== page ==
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Iraq: Bay Area civilian vanishes in Iraq

by Colin FreemanSan Francisco Chronicle
November 11th, 2003


A
Moss Beach man working as a contractor for the U.S. Army in Iraq has mysteriously disappeared while driving along an isolated road north of the country's violence-plagued Sunni Triangle.

 

Fears are growing that Kirk von Ackermann, 37, might have been abducted or killed after his car was found abandoned between the cities of Tikrit and Kirkuk. Found inside the vehicle were his satellite phone, a laptop computer and a briefcase containing around $40,000, suggesting that he had not been the victim of a robbery. There was no sign of a struggle at the scene.

 

Since his disappearance on Oct. 9, the Army has conducted an "aggressive" investigation aided by Iraqi police, said Chris Grey, spokesman for the Army's Criminal Investigation Command, based in Virginia. But so far they are baffled.

 

Initially it was thought that von Ackermann might have been kidnapped for ransom, but neither the authorities nor the company he worked for have been contacted by anyone claiming to hold him. His employer is Ultra Services, a company based in Istanbul that furnishes supplies and logistics help for U.S. Army bases in Iraq.

 

"It is a real mystery,'' one source close to the investigation said. "Kirk was on a day trip from Kirkuk to Tikrit that day and was coming back when he rang one of the company's Iraqi employees around 3 p.m. to say he had a flat tire and couldn't get it fixed with the jack he had. He was stopped right on top of a road that runs over a small range of hills ... at the time.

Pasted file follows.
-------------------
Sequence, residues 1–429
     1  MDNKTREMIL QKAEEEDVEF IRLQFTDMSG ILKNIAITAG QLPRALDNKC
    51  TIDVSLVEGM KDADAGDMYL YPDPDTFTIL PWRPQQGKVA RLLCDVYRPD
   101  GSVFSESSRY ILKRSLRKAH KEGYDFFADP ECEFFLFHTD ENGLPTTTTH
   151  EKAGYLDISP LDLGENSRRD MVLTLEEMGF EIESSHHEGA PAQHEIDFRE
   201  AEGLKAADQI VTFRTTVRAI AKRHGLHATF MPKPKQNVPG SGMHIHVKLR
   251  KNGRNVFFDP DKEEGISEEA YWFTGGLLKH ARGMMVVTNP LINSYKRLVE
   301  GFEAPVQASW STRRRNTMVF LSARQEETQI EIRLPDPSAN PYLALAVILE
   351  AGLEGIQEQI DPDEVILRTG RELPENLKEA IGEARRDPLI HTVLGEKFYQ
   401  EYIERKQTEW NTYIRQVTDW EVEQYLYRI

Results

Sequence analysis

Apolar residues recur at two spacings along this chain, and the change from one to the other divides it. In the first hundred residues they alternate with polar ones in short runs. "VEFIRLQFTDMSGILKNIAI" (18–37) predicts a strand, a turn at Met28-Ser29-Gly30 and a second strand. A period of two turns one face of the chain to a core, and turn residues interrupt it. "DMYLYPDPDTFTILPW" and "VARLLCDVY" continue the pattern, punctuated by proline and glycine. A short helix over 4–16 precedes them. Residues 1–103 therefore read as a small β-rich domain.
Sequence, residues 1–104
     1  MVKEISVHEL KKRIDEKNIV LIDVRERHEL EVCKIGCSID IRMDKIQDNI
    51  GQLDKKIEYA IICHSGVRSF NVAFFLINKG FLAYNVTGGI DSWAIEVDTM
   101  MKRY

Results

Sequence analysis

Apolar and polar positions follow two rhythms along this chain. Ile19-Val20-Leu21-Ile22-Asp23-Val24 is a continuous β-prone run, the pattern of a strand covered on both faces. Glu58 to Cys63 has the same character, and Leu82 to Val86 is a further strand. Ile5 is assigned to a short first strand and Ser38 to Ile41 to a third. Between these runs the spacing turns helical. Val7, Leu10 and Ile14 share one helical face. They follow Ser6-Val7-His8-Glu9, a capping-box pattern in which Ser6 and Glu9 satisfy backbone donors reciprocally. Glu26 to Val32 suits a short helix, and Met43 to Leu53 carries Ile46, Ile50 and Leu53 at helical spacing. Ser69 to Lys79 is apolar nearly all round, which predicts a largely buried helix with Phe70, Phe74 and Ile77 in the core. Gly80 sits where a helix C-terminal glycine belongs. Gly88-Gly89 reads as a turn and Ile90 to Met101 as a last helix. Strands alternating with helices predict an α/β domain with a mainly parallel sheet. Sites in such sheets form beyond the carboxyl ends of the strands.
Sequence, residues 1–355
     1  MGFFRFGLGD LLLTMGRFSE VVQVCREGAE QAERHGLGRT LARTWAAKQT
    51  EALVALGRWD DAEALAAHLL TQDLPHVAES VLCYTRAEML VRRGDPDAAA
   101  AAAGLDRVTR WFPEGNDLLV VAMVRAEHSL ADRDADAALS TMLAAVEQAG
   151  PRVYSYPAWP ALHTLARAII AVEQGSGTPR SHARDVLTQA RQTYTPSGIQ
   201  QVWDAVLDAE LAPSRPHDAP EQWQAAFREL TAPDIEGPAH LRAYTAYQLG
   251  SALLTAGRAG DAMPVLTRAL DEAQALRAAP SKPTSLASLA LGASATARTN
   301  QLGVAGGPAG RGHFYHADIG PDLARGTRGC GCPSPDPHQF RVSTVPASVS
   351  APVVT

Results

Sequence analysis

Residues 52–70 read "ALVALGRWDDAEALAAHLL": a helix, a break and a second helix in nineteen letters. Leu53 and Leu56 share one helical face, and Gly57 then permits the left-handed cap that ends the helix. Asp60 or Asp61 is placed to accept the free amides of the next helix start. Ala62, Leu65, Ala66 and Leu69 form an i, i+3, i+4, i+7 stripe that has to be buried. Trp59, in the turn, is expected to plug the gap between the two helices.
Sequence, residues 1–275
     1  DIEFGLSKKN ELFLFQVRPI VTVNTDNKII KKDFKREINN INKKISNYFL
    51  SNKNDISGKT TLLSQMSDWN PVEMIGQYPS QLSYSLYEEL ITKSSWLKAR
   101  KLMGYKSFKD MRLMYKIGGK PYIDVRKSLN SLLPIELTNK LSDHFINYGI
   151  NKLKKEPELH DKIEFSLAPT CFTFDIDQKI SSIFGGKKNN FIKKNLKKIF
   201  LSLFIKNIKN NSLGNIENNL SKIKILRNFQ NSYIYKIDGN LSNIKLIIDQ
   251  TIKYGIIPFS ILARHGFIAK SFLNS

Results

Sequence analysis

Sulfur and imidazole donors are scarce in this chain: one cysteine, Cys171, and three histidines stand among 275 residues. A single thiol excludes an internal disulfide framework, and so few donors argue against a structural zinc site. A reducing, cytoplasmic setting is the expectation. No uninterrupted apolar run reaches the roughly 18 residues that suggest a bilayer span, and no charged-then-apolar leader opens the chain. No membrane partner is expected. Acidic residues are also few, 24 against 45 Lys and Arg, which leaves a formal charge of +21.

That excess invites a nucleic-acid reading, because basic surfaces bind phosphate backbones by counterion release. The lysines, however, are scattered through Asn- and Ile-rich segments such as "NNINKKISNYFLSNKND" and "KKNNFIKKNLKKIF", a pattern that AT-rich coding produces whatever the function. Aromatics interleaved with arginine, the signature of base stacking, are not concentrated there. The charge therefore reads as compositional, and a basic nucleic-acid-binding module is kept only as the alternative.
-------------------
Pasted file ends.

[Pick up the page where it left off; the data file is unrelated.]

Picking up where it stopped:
"The employee took about 45 minutes to get to him, and when he got there, Kirk had just vanished into the desert. There was no blood on the road or sign of a fight, no bullet cases fired anywhere, nothing. It was as if he had been abducted by aliens."

 

Friends and relatives at von Ackermann's home in Moss Beach declined to comment. Neighbors said they knew little about the missing man except that he was an avid cyclist who doted on his three young children and often walked an Irish setter.

 

"That's so sad," neighbor Michelle Harris told The Chronicle. "He has two young girls and a boy. They're the best parents I've ever met, and their kids are great. They're the epitome of the perfect family."

 

Ultra Services declined to comment on the disappearance.

 

Von Ackermann was said to be a former U.S. Air Force captain. A Web site for Impact Intelligence, LLC, lists him as a former employee and says he had been a member of a Department of Defense group that provided intelligence on terrorism, espionage, information warfare and other threats. It also says he has served as deputy director of intelligence for NATO operations in Bosnia. The information on the site could not be independently confirmed.